Neuroscience has long been a vital area of research within MIR and its Neuroimaging Laboratory. The CCIR provides an important opportunity to increase and facilitate these collaborations. The diverse backgrounds and research interests have impacted advancements in the fields of aging; cerebrovascular disease; dementia, such as Alzheimer’s disease; movement disorders, such as Parkinson’s disease, Huntington’s disease, and Tourette syndrome; and other major psychiatric illnesses.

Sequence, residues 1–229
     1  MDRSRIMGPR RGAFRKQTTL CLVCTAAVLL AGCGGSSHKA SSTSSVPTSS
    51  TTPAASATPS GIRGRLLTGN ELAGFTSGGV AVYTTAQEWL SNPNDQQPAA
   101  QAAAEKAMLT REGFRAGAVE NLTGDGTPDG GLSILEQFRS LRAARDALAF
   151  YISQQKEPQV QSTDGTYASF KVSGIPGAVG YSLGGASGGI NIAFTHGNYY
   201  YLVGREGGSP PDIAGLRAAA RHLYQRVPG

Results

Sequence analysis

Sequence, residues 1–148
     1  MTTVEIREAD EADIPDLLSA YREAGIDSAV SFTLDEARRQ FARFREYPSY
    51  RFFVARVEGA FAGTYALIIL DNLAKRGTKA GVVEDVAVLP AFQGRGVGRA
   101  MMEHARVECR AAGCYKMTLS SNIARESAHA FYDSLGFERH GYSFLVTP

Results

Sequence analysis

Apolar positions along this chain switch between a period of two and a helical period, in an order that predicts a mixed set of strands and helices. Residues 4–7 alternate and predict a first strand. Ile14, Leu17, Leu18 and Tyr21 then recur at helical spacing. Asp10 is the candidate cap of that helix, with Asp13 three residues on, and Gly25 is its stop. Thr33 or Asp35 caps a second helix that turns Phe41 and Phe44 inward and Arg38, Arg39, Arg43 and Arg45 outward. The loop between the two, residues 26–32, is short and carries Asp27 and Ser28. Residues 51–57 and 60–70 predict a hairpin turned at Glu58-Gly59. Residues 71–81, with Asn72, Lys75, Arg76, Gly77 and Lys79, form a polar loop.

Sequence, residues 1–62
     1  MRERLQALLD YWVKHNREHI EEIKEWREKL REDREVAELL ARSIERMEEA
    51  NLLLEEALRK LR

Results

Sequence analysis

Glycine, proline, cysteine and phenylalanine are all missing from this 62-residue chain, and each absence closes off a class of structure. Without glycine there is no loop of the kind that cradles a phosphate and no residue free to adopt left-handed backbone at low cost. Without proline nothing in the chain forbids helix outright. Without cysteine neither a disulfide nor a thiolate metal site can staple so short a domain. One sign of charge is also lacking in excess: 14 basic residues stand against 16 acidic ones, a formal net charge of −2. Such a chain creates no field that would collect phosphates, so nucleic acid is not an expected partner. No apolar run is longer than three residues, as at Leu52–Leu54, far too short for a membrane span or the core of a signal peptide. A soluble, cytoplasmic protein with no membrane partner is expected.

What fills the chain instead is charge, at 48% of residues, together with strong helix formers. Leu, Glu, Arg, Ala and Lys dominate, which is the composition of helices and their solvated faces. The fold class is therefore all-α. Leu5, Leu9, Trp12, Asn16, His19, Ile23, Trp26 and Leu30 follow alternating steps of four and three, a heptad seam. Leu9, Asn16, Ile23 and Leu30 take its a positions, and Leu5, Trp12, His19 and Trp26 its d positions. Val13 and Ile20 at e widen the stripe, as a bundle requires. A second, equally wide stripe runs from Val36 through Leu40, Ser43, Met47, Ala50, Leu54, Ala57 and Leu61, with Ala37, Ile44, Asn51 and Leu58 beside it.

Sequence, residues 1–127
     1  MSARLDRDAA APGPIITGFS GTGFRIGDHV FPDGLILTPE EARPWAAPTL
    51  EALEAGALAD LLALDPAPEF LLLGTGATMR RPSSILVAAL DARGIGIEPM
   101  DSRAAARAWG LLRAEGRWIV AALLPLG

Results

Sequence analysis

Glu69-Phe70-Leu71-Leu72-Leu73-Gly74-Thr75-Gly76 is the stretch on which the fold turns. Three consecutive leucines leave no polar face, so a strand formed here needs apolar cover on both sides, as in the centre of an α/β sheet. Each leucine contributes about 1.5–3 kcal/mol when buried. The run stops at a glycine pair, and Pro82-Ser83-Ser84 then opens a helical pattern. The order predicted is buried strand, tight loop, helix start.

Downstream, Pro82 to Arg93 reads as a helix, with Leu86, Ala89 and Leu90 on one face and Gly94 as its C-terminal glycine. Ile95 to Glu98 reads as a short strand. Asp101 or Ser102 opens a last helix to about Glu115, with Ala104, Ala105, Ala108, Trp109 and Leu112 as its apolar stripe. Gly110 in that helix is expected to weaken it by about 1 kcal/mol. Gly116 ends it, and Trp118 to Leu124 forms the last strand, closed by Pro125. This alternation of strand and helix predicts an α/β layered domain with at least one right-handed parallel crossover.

One area of increasing growth has been the development of advanced MRI and functional MRI (fMRI) methods to obtain superior anatomical brain images and functional brain activation measurements, respectively. For instance, fMRI techniques are being employed to study areas of the brain that constitute a “default network”, which appear to be more active during passive-task conditions, such as monitoring the environment and internal thoughts, as compared to active-task conditions, like performing a memory task during a scan. The CCIR also has seen growth in the use of PET imaging to study the effects of physiological brain stimulation on blood flow and glucose metabolism, which has made an important contribution to Alzheimer’s disease research. These methods show correlations between areas of activation, the default network, and areas high in beta-amyloid plaque deposition (a hallmark of Alzheimer’s disease). Along side this research is the development/synthesis of new PET radioligands and new magnetic resonance molecular contrast agents as a means of determining new pathways for uniting molecular imaging with genomics and proteomics. Several studies focusing on new amyloid-targeting PET tracers are currently active in the CCIR.As the CCIR continues to support neuroscience efforts, we expect our collaborations to help foster revolutionary discoveries as imaging biomarkers of disease which will prove useful in the development of new therapeutics.